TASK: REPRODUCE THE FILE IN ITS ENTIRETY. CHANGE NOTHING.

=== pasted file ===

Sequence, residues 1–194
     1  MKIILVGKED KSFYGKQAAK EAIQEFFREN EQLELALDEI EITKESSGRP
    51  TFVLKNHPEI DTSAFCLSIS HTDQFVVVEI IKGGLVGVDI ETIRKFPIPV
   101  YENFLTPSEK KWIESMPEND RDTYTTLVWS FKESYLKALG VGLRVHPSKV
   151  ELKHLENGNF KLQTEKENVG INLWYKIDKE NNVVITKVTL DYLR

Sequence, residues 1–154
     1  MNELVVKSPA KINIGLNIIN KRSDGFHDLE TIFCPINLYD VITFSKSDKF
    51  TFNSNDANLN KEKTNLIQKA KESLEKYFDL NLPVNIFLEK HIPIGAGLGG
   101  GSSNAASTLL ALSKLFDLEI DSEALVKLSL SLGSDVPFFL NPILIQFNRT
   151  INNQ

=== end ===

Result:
Sequence, residues 1–194
     1  MKIILVGKED KSFYGKQAAK EAIQEFFREN EQLELALDEI EITKESSGRP
    51  TFVLKNHPEI DTSAFCLSIS HTDQFVVVEI IKGGLVGVDI ETIRKFPIPV
   101  YENFLTPSEK KWIESMPEND RDTYTTLVWS FKESYLKALG VGLRVHPSKV
   151  ELKHLENGNF KLQTEKENVG INLWYKIDKE NNVVITKVTL DYLR

Sequence, residues 1–154
     1  MNELVVKSPA KINIGLNIIN KRSDGFHDLE TIFCPINLYD VITFSKSDKF
    51  TFNSNDANLN KEKTNLIQKA KESLEKYFDL NLPVNIFLEK HIPIGAGLGG
   101  GSSNAASTLL ALSKLFDLEI DSEALVKLSL SLGSDVPFFL NPILIQFNRT
   151  INNQ